A family of five has been forced to evacuate their home after a landslide in the town of Mentakab in the Temerloh District of Pahang State in Peninsula Malaysia on Sunday 29 October 2017. The incident happened at about 4.00 pm local time, on the road downslope of the property, but has apparently partially undermined the building. The family has been ordered to leave by local authorities in case of further land slippage.
Property in Temerloh District, Pahang, partially undermined by a landslip on 29 October 2017. Pahang Civil Defence Force.
he cause of the event is as yet unclear, but Peninsula Malaysia has been suffering an exceptionally wet rainy season, with numerous floods and related occurrences. Landslides are a common problem after severe weather events, as excess pore water pressure can overcome cohesion in soil and sediments, allowing them to flow like liquids. Malaysia has become increasingly landslip-prone in recent years due to extensive deforestation, which leaves soil exposed to heavy tropical rainfall. Concerns have also been raised about the large number of construction sites on steep hillslopes in urban areas, where workers are particularly vulnerable to landslip events during the rainy season.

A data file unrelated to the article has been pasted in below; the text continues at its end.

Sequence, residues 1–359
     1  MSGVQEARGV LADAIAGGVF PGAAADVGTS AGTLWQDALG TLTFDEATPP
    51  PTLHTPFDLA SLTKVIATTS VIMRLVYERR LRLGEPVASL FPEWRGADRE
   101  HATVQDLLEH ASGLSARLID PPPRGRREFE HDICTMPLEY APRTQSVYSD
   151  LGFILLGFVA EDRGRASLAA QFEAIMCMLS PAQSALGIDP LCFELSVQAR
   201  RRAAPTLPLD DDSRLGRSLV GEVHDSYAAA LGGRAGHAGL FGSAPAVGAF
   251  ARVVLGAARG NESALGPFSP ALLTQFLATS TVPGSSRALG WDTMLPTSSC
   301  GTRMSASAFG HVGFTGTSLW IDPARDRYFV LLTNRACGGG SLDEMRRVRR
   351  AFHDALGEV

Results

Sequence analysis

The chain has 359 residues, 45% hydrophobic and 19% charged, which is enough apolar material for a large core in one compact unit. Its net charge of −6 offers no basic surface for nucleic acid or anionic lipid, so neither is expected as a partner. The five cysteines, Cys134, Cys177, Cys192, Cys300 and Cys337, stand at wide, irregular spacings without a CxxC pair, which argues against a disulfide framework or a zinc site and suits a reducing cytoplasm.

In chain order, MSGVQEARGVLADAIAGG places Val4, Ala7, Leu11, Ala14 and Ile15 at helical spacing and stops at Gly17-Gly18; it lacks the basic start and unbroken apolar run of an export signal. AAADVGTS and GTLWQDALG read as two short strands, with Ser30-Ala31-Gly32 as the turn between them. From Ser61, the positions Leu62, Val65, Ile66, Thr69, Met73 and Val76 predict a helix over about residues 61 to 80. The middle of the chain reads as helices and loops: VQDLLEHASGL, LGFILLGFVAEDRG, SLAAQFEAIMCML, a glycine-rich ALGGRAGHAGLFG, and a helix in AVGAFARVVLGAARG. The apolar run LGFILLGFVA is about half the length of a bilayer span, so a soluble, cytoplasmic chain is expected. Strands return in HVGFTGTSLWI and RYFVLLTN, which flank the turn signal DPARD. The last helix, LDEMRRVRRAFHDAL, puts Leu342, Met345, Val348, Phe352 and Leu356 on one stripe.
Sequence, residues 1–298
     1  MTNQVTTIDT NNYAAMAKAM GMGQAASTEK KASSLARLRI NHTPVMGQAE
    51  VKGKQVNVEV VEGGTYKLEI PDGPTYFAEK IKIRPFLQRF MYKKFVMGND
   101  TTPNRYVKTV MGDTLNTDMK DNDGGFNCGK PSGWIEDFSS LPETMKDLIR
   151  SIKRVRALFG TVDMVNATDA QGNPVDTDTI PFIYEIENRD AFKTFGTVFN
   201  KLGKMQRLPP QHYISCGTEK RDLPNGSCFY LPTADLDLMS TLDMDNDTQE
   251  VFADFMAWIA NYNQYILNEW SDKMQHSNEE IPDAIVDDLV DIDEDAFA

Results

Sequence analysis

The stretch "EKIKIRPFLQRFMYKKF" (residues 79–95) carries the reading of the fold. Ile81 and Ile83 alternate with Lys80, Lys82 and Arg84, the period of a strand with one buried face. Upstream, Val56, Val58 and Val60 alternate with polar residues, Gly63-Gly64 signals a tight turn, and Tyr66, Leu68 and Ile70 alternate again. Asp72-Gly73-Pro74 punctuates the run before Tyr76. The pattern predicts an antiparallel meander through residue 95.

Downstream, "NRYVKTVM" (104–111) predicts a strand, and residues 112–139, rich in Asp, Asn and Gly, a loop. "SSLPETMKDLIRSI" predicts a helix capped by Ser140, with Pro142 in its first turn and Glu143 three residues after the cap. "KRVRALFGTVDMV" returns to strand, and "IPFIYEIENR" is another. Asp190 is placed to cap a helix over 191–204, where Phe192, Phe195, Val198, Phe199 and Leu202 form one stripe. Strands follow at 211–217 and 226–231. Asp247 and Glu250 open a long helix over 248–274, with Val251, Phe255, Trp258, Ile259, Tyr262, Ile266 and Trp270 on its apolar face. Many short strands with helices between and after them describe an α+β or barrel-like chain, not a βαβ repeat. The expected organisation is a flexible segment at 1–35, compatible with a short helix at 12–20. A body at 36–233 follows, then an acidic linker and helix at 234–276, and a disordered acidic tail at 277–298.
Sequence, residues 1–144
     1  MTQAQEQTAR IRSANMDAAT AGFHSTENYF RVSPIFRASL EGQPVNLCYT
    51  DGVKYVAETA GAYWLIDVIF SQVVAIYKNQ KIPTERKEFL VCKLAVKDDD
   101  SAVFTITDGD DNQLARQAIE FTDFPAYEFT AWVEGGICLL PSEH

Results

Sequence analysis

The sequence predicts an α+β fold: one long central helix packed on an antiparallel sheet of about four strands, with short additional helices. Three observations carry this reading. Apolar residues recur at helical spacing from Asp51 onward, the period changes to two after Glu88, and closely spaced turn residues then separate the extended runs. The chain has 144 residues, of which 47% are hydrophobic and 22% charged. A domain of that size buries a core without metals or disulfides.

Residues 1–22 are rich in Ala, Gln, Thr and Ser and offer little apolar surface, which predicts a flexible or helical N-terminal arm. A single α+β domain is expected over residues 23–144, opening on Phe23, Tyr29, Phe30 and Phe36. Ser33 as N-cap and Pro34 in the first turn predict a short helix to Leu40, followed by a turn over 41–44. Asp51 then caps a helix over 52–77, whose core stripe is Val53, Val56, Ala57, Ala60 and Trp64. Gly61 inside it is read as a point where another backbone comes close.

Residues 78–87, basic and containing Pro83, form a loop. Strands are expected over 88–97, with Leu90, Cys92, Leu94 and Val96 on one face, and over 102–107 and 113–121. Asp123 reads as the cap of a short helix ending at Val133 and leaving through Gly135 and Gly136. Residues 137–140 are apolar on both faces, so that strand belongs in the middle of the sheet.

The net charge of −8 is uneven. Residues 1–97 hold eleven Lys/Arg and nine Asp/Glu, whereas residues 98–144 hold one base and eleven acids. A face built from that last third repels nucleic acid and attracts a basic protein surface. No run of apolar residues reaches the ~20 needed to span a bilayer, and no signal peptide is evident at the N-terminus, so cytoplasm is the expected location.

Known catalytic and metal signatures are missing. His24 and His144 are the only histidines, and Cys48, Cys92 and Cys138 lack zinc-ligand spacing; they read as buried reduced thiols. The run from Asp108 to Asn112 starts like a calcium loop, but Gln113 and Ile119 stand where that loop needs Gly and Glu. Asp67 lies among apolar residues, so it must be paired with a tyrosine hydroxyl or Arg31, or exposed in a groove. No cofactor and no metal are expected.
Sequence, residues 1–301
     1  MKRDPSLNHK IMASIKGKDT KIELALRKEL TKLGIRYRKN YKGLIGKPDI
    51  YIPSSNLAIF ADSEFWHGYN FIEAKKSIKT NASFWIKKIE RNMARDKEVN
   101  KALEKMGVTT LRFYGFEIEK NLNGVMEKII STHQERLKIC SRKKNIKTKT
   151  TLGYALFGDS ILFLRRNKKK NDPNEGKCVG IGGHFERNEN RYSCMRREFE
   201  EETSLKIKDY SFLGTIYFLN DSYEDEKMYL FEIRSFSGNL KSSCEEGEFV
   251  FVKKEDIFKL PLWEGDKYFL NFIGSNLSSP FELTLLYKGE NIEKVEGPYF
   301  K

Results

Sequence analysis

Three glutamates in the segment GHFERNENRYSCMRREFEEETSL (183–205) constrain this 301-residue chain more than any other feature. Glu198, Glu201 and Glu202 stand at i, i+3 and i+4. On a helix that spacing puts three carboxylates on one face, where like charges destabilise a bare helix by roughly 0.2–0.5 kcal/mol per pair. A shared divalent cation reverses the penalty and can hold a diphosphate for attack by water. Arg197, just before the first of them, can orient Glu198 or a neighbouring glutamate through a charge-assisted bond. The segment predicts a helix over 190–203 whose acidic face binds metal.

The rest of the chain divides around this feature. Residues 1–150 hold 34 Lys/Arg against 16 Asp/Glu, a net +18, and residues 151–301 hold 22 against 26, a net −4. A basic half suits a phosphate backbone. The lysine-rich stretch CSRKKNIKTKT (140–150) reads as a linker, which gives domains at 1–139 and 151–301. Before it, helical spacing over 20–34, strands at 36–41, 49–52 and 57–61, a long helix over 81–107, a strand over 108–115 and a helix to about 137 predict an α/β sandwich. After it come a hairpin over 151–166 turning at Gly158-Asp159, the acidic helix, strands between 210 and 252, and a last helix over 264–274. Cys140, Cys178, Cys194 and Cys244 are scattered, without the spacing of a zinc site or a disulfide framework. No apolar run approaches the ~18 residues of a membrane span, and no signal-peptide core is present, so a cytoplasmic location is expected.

Pahang has a wet tropical climate with rain averaging over 200 mm per month, but has distinct wetter and dryer periods within this. October and November are typically the months with the highest rainfall, usually over 390 mm in each month, associated with monsoon winds from the South China Sea.
Monsoons are tropical sea breezes triggered by heating of the land during the warmer part of the year (summer). Both the land and sea are warmed by the Sun, but the land has a lower ability to absorb heat, radiating it back so that the air above landmasses becomes significantly warmer than that over the sea, causing the air above the land to rise and drawing in water from over the sea; since this has also been warmed it carries a high evaporated water content, and brings with it heavy rainfall. In the tropical dry season the situation is reversed, as the air over the land cools more rapidly with the seasons, leading to warmer air over the sea, and thus breezes moving from the shore to the sea (where air is rising more rapidly) and a drying of the climate.
Diagrammatic representation of wind and rainfall patterns in a tropical monsoon climate. Geosciences/University of Arizona.
Southeast Asia has two distinct Monsoon Seasons, with a Northeast Monsoon driven by winds from the South China Sea during the Southern Hemisphere Summer and a Southwest Monsoon driven by winds from the southern Indian Ocean in the Northern Hemisphere Summer. Such a double Monsoon Season is common close to the equator, where the Sun is highest overhead around the equinoxes and lowest on the horizons around the solstices, making the solstices the coolest part of the year and the equinoxes the hottest.
The winds that drive the Northeast and Southwest Monsoons in Southeast Asia. Mynewshub.
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